The sun was low in the sky by the time Donald got home, but the air was still warm. Rather than catch the 44 bus, as he normally would have done, Donald had decided to walk back to his apartment through the park. When he opened his door he was greeted with the thick scent of sautéed garlic. Kristine had the table set, and soft music played on the stereo.
He walked into the kitchen and saw her there, cutting carrots for a salad. Her hair was long and loose, rich silk spilling down her back. Her beautiful mouth gently pursed, the lips soft and full, her dark eyes shining. The tightness returned to his throat as he looked at her, and a hollow ache filled his chest, as if his heart was dashing itself against his ribs with every beat. They had been living together for seven months.
He couldn’t speak.
She looked up from the carrot, and smiled at him. “How was work?” she asked.
He cleared his throat. He wanted to go up to her and catch her in his arms. Instead, he reached over and clutched the doorjamb. He cleared his throat again, and said “Fine.”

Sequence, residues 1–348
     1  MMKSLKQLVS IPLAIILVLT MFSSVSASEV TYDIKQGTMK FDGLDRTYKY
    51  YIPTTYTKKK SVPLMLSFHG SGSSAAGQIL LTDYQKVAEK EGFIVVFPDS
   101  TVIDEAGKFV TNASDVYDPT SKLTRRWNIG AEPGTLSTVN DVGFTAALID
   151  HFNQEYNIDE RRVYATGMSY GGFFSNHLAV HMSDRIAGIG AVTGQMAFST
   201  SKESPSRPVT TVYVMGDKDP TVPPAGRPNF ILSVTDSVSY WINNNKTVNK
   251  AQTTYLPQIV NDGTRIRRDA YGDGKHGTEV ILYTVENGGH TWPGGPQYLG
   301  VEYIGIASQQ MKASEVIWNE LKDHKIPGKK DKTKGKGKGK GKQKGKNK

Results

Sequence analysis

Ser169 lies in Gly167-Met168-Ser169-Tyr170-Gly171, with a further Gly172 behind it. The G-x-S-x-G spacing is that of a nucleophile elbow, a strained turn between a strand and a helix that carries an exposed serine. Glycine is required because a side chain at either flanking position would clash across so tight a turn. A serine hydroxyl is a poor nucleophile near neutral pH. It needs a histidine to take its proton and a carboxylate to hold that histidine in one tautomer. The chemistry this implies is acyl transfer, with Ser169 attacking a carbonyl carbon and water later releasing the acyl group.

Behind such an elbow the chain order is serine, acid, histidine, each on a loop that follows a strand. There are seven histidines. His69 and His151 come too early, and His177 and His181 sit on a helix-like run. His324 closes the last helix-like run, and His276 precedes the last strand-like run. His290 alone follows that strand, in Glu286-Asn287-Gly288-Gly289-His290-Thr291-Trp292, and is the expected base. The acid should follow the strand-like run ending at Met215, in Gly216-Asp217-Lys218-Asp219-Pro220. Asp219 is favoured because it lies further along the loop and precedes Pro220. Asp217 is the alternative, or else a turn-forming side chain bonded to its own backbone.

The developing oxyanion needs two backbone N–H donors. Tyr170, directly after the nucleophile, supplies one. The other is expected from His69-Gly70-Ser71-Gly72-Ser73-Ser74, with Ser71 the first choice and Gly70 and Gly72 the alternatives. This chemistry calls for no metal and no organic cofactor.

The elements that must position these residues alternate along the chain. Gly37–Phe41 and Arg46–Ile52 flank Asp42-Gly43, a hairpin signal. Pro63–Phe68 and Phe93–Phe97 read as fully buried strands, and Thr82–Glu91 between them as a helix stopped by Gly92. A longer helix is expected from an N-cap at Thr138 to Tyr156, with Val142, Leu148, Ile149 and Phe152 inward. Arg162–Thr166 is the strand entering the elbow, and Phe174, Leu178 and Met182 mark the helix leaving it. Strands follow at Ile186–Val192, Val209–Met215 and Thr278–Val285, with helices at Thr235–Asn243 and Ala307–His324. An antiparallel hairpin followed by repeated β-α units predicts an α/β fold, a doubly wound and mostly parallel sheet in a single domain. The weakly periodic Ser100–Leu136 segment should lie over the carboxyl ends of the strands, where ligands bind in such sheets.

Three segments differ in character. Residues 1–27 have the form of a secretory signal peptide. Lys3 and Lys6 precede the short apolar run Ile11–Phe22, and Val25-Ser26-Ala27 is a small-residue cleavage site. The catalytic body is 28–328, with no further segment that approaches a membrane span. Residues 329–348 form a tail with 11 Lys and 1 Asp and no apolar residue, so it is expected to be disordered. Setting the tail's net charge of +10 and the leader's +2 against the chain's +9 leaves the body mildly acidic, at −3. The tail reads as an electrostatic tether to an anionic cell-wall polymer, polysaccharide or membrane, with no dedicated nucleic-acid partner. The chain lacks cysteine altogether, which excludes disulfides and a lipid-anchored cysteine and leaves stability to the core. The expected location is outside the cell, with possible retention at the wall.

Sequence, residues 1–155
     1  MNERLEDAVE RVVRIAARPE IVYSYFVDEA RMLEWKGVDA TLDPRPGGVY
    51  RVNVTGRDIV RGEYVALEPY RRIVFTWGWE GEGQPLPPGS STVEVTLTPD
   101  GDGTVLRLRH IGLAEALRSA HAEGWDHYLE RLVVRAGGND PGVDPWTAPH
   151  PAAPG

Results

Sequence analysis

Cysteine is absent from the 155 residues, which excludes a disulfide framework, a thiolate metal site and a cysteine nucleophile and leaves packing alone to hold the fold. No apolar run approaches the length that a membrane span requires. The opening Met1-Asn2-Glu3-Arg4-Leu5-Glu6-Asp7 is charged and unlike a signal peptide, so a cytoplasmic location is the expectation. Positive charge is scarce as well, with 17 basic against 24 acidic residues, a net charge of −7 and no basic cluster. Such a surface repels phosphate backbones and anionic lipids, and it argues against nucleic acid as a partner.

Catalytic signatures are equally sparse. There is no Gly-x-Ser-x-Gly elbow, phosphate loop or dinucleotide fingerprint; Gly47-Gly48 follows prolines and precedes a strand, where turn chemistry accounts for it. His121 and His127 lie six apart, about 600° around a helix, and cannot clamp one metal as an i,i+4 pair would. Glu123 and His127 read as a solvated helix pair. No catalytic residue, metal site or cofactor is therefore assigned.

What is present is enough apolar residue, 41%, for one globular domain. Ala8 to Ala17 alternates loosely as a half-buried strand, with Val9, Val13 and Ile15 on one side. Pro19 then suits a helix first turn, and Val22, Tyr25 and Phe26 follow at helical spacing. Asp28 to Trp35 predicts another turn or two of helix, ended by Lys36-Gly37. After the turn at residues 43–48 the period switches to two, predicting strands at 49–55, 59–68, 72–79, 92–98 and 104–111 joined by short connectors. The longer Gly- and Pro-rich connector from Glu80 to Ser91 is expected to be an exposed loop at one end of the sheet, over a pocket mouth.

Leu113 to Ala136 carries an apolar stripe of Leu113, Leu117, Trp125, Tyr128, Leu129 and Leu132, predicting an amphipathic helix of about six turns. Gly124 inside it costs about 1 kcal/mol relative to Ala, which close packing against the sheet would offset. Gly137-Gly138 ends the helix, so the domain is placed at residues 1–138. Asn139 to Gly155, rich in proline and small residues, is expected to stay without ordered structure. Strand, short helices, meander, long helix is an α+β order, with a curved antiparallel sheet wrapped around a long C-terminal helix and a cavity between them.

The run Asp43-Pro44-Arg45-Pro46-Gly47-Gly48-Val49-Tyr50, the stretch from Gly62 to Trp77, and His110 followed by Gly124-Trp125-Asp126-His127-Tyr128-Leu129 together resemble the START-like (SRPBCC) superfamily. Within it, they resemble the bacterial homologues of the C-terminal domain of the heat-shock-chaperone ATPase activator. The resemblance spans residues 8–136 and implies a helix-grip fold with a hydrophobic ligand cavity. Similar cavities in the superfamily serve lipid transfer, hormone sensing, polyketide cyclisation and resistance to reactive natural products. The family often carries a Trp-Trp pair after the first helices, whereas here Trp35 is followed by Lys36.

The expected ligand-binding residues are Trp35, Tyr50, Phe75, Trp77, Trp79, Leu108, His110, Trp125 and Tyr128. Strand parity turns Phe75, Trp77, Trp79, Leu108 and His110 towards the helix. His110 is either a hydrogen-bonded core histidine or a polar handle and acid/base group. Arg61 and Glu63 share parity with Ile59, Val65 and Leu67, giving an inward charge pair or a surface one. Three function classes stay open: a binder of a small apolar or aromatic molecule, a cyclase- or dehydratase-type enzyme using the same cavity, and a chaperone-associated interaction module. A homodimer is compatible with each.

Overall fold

“You’re home late. Did you have to work overtime?”
“No. I walked home.”
“It was a nice day for a walk, wasn’t it?”
“It was. Beautiful.”
She put down the knife and carrot, and went to him. “Can I have a kiss,” she said, wrapping her arms around him.
“Of course,” he said, and gave her one.
Then, holding her there in the doorway, and looking over her head at the clock on the wall, he said “I had a doctor’s appointment today.”
“You did? What for?”
“Just a checkup. It’s been two years since I finished with my treatments.”
She squeezed him a little harder, and nuzzled her head against his neck. “I still can’t believe you’ve been through all of that. I can’t imagine you being that sick.”
He was quiet.
“What did the doctor say?” she asked.
“He said everything looks pretty good.” He paused, pressed his lips against her head, and pulled in the smell of her hair. “Something lit up on my heart, though.”
“What’s that mean?”
“Probably nothing. It might just be a glitch on one of the tests. But the doctor wants me to have my heart scanned next week.”
“Do you want me to go with you?”
He reached up with his hand and ran it through her hair, loosening the tangles. “No need. It’s probably nothing.”
“Are you sure?”
Donald stood there holding her. He could hear the stereo playing in the other room. He could hear the quiet rush of traffic out on the street. He saw the clock ticking on the wall, and he imagined his heart thumping in his chest, like a bloody fist clenching and unclenching. He held Kristine tightly, and imagined that he could feel her heart too, beating against him.